Like any wonderful book you’ve read, or movie you’ve seen, sometimes the place and the characters seem so real. I used to dream about them, imagine I was walking around the streets of Oakdale. I loved Springfield first. But I dreamt about living in Oakdale, in the world where Douglas Marland was the gatekeeper and the weaver of the tapestry.
This wasn’t the post I’d intended to make today – to comment about the news, ultimately not unexpected but shocking in its timing, that As The World Turns has been canceled.
I’d intended to post a commentary today reflecting on the now somewhat-eerie fact that it was a year ago today that I was in Pepack, New Jersey, having lunch with Jill Lorie Hurst and sitting in a makeshift green room listening to Ellen Wheeler talk very passionately about Guiding Light. It was a glimpse inside of another story, a glimpse I’m eternally grateful to have had before that narrative was relegated to history.
Fast forward a year to today’s news. It’s surprising in its timing, but perhaps to be expected in all other aspects.
I’d been thinking with GL and ATWT that I was surprised that CBS and P&G hadn’t tried to cut each show to a half hour. Had every option been examined?
But Les Moonves made it clear in his statements today where his company stands. In an era where networks are increasingly looking to make partnerships with advertisers, he ironically declared that the day of the sponsor driven product is over.
ATWT had a ticking clock tied to its back on April 1rst. It was only a matter of time.
Stories are dreams that make it into a screenplay, onto our TV screens. I used to dream – seriously! – that I lived in Kim and Bob’s house. I was in a highly prized demographic at the time, but despite all of the flashy flair that the network undoubtedly insisted to Douglas Marland, Laurie Caso and Bob Calhoun was necessary, despite all of those teen stories, I was mesmerized by the cool, complex, sexy, smart grownups.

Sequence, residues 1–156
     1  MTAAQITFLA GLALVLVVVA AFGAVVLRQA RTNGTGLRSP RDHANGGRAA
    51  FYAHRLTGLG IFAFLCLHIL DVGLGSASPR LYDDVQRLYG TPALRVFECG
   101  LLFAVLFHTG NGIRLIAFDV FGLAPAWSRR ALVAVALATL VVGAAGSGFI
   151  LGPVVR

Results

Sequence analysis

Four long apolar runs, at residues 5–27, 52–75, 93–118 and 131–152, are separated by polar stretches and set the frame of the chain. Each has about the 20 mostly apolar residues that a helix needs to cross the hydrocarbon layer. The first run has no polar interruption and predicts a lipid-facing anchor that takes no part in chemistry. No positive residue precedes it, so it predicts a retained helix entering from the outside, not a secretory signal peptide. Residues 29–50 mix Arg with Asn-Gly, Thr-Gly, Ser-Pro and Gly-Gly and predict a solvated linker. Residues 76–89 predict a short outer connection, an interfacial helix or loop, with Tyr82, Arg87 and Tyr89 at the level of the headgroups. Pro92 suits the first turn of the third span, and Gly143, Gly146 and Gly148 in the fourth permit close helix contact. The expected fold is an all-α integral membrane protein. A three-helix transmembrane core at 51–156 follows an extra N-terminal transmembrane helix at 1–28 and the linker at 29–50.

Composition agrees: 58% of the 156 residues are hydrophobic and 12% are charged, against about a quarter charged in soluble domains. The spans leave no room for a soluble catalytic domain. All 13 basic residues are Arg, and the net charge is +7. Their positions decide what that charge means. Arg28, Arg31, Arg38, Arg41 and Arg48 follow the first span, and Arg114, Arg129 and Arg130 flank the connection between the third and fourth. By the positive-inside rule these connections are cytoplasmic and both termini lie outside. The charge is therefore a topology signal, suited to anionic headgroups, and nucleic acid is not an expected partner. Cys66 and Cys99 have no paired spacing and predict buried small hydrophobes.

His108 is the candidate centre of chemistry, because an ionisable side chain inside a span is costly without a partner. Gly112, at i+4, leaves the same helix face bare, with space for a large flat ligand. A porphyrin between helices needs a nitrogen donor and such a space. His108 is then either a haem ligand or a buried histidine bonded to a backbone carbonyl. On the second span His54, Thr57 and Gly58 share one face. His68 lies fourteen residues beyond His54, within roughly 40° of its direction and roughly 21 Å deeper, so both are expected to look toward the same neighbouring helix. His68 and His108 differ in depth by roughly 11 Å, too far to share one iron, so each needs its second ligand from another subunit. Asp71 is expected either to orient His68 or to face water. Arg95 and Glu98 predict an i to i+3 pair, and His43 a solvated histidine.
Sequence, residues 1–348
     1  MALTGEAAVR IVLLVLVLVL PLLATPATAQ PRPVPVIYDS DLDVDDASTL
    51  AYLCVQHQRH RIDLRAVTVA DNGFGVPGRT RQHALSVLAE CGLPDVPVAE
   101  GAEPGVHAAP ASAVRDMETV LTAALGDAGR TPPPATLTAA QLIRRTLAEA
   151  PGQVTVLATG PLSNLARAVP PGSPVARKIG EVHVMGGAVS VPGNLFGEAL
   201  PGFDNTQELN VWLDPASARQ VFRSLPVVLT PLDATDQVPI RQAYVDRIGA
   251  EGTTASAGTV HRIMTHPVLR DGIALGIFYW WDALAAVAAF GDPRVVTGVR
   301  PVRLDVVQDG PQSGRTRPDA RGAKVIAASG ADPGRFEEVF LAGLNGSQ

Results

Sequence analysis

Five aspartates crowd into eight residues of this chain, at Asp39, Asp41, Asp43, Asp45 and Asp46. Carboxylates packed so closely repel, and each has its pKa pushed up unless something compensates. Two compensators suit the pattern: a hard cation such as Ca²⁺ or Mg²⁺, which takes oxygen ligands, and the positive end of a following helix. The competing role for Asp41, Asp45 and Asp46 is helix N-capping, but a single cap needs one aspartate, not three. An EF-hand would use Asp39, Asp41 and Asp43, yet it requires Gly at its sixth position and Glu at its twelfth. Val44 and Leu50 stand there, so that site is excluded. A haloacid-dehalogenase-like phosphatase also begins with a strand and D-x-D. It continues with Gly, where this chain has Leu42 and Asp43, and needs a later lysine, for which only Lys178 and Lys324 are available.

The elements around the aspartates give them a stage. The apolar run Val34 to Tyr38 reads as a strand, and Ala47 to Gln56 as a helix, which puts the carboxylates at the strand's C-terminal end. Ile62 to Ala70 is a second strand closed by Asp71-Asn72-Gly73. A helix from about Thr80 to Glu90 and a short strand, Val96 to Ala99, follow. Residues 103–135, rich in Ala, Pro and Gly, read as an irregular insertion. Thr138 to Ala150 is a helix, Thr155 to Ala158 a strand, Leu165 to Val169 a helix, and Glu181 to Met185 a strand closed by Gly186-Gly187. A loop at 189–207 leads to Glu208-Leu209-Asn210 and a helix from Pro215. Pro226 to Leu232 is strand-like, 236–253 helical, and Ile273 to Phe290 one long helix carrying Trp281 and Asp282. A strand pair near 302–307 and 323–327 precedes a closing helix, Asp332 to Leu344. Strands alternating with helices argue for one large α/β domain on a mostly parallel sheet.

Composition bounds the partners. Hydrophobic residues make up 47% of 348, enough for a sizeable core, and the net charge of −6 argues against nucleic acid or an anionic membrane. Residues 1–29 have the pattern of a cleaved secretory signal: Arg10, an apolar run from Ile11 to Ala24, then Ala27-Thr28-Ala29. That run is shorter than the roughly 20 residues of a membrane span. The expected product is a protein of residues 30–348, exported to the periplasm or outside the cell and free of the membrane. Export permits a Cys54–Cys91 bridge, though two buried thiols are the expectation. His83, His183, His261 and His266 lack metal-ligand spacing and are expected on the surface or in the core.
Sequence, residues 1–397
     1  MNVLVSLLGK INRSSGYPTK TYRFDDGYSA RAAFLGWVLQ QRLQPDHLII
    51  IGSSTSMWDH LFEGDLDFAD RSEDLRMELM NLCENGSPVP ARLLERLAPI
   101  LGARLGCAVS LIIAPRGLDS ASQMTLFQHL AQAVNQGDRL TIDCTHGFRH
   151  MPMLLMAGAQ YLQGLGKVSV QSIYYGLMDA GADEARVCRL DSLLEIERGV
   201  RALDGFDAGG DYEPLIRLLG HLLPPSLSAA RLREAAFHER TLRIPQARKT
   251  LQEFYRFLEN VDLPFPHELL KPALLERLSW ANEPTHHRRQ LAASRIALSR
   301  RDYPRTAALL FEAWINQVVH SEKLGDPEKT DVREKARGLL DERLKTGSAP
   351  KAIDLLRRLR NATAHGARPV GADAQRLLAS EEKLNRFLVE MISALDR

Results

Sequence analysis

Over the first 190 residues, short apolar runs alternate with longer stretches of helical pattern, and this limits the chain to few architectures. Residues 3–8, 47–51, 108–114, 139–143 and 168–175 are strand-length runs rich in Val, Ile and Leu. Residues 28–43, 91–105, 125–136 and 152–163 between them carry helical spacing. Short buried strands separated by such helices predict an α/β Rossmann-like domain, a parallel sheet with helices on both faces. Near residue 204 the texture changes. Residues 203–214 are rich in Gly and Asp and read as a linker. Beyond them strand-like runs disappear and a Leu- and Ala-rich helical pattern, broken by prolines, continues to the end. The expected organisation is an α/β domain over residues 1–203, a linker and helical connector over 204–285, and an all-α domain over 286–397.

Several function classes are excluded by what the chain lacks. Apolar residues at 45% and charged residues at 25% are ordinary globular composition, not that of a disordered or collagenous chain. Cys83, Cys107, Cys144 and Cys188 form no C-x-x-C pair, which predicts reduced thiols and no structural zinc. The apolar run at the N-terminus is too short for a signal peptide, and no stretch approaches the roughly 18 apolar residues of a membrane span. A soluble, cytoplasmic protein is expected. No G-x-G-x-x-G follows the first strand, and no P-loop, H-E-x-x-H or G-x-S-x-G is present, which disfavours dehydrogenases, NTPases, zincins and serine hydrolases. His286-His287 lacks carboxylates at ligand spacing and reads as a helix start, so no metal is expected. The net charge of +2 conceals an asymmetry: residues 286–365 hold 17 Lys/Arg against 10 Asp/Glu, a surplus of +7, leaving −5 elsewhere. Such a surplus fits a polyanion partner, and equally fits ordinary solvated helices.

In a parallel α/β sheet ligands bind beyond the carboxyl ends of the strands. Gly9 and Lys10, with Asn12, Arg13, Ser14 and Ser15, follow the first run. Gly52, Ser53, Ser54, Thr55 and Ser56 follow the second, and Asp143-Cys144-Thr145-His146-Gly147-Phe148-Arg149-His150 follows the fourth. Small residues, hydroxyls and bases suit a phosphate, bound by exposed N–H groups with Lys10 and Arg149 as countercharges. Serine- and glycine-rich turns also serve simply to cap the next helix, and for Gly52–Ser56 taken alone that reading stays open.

There was sturdy Tom and fearless Margo, John and the unsinkable Lucinda Walsh, her headstrong daughters, Lily and Sierra. There was the weary hopefulness of Iva Snyder, the classic romance of Duncan and Shannon, the travails of Barbara and beautiful Frannie Hughes. And Lisa! Lisa, who was the Original Recipe Bitch, and proud of it!
And I was fascinated by Bob and Kim – in particular Kim Hughes. Kim was Everywife, but with an exotic layer underneath. Kim was, and is, so many women that I’ve met and known.
The story where Bob and Kim were reunited with Sabrina was just beautiful. Their reunion was breathtaking and beautiful, a child and parents being reunited. Onscreen, it was the resolution of a storyline thread that had been started years earlier. But it meant more than that – it was a resolution of sorts for ATWT’s creator, Irna Phillips.
Kim was Irna’s last creation, a woman who was meant to be independent, free-thinking and full of passion. But Irna’s story had Kim sleeping with Bob Hughes – a man married to her sister – and that just couldn’t be done. Kim had to be punished, and the baby lost – until Douglas Marland and his meticulous attention to history set things right with the Sabrina story.
(And at the time, the search for Sabrina, and Bob and Kim’s joy at finding her, resonated deeply with me, a young gay teenager who craved that unconditional love and acceptance from my own parents.)
I wanted to live in Douglas Marland’s Oakdale – to have Thanksgiving with the Synders, to be a guest at the Hughes’ house, to talk to Grams and hear the wisdom and richness of their lives.
ATWT certainly hadn’t been flying at the top of its game. But it was, in my opinion, stronger in some key areas than GL. Whereas GL had slowly declined over a decade or so, it was only a few years ago that ratings were up at ATWT and Emmys were being won for best show and for many of the performers.
But like GL, ATWT has been on shakier ground. As all daytime soaps are. The audience at large is shrinking. And the remaining soaps are trying desperately to be every single, possible thing they can be other than a soap. The remaining soaps have an audience, but they don’t respect them.
I don’t blame them, folks – they have a gun to their heads, so to speak, and a mandate to make money and maximize advertising. And so stories and ads are aimed squarely at that young audience. But as a result, the daytime soaps are making a fatal error: they’re not writing a story for the dedicated fans who actually watch their show.
And so another long story, another book with many chapters and many layers, is coming to an end. I agree with We Love Soaps’ Roger Newcomb that soaps will live on, in some format, on the Internet.
But another domino has fallen, the last of its kind. This one makes me very, very sad.